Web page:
There are some risks to any diet, but there are generally more risks to a diet that is very restrictive of any type of food. This is because eating a limited variety of foods can make it difficult to get all of the vitamins and minerals required for good health. Dieters may want to talk to their doctor about whether a multivita-min or supplement would help reduce this risk. Dietary supplements have their own risks, even if they are herbal or ‘‘all nautral’’. Dieters should discuss any recommended herbs, vitamins, or supplements with their doctor or another health care professional to ensure that the supplements are necessary and safe before beginning to take them.

Research and general acceptance

There have been no significant scientific studies investigating the effectiveness of the Slim4Life program. It is generally accepted that a moderately reduced calorie diet, when combined with exercise, is a good way for people to lose weight. Most experts recommend 1–2 pounds a week, less than Slim4Life promises, as a reasonable amount of weight to lose each week for most people.

Some dieters have reported that dairy products were extremely limited or completely eliminated from their diet while following the plan set by their Slim4Life counselors. MyPyramid recommends that healthy adults consume the equivalent of 3 cups of dairy products each day for good health. Low or non-fat dairy products are strongly recommended. Any diet that does not meet this recommendation means that a dieter runs the risk of having a calcium deficiency, which can lead to osteoporosisand other negative outcomes.

The necessity and wisdom of taking pills, herbs, and other products intended to aid weight loss is a hotly debated subject. Many people believe that such dietary supplements can help dieters achieve weight loss more quickly and may have positive health benefits. Other people believe that such supplements are usually unnecessary, and that their effectiveness is questionable because of the lack of controlled, reproducible, studies indicating their effectiveness. Critics of such supplements also often argue that because dietary supplements are not regulated by the Food and Drug Administration (FDA) as strictly as prescription medicines, they may have negative side effects that are not yet documented.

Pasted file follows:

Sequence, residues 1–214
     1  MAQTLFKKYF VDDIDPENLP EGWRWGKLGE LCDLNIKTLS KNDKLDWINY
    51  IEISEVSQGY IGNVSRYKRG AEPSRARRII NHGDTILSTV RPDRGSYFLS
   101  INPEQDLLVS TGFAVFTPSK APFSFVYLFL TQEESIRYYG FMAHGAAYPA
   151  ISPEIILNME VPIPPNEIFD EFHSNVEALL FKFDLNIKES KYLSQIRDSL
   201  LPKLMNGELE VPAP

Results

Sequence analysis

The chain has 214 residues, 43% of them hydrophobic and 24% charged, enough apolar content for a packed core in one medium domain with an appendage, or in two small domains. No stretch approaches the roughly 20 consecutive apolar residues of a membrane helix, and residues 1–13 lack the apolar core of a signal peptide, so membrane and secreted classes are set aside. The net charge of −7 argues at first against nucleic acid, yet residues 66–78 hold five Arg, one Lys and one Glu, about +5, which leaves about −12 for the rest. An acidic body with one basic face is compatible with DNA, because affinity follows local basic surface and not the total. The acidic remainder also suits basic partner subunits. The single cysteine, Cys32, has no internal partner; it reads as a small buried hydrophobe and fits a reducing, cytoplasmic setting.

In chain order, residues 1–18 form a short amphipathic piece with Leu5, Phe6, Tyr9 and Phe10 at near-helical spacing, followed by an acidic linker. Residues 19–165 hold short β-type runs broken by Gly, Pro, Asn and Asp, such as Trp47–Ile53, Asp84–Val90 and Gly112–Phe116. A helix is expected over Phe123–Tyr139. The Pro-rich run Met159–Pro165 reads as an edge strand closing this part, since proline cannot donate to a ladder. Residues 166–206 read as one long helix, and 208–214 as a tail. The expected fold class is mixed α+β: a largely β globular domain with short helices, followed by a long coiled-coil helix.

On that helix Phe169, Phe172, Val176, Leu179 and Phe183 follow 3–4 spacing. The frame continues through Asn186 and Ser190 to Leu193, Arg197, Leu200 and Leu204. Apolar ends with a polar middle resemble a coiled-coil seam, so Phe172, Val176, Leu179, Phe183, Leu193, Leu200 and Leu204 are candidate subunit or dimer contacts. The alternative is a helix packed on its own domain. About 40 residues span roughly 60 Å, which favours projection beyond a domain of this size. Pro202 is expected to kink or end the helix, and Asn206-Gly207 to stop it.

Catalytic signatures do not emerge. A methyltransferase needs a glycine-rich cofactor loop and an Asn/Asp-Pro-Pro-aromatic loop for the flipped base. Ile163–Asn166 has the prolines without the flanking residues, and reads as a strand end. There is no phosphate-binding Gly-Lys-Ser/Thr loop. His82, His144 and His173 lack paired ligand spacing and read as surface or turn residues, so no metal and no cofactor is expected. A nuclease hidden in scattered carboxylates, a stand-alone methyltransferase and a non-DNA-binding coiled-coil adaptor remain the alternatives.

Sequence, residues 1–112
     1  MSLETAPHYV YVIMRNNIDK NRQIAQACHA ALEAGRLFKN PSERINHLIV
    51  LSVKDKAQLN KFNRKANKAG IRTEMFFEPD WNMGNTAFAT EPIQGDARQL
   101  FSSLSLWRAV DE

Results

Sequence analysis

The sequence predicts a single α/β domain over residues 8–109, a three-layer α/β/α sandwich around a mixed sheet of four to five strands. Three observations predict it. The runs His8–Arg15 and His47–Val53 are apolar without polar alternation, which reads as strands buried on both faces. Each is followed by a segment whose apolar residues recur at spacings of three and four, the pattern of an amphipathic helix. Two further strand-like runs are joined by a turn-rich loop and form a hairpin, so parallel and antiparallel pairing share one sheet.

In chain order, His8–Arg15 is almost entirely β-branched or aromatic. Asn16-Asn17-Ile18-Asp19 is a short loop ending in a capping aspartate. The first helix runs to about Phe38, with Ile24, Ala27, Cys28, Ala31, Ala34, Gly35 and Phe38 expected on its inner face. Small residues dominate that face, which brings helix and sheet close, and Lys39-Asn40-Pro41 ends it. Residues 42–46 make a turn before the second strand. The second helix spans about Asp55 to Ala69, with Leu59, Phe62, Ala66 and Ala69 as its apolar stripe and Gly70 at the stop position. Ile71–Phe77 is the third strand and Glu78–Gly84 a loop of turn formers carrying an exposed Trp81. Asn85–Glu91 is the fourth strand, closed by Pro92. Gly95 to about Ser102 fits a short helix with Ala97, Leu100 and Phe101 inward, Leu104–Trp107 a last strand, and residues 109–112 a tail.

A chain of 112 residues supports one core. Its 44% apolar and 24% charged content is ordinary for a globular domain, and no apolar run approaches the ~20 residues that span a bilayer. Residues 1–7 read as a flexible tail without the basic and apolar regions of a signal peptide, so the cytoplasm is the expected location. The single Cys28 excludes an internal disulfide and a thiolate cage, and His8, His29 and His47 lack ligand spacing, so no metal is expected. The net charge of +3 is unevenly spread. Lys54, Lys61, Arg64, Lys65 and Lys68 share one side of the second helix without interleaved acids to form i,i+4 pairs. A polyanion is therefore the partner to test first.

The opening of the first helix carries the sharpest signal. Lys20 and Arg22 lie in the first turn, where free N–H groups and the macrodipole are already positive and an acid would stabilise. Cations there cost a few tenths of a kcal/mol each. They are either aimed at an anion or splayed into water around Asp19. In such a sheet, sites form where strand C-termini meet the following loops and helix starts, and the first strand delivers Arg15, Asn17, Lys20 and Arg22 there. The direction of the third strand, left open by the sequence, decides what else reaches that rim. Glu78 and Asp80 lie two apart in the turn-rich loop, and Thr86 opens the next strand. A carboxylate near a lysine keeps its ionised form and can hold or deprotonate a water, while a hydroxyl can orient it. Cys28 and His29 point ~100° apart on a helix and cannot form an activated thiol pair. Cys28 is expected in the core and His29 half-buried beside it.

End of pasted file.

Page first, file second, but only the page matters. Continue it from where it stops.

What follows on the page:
An example of this kind of problem occurred involving supplements containing ephedra. On April 12, 2004 the FDA banned the sale of dietary supplements containing ephedra because of evidence that the compound increased a dieter’s risk of cardiovascular complications and because of a lack of evidence of significant positive health benefits that could outweigh this risk. Before this time, many dieters all over the United States were taking supplements that contained ephedra without being aware of the possibility that it could cause extremely serious side effects.

The Centers for Disease Control recommended in 2007 that adults get 30 minutes of light to moderate exercise each day for good health. Slim4Life suggests that its participants be active, but it does not make specific exercise recommendations. Therefore it may be up to the dieter to ensure that he or she follows an exercise regimen that meets these minimum requirements. Regular exercise is a generally accepted part of a healthy weight-loss program. Studies have shown that diet and exercise are more effective at producing sustainable weight loss when done in combination than either diet or exercise is when done alone.


Shannon, Joyce Brennfleck ed. Diet and Nutrition Source-book. Detroit, MI: Omnigraphics, 2006.

Willis, Alicia P. ed. Diet Therapy Research Trends. New York: Nova Science, 2007.


American Dietetic Association. 120 South Riverside Plaza, Suite 2000, Chicago, Illinois 60606-6995. Telephone: (800) 877-1600. Website: <>


Slim4Life. 2002, accessed April 4, 2007. <>

Tish Davidson, M.A.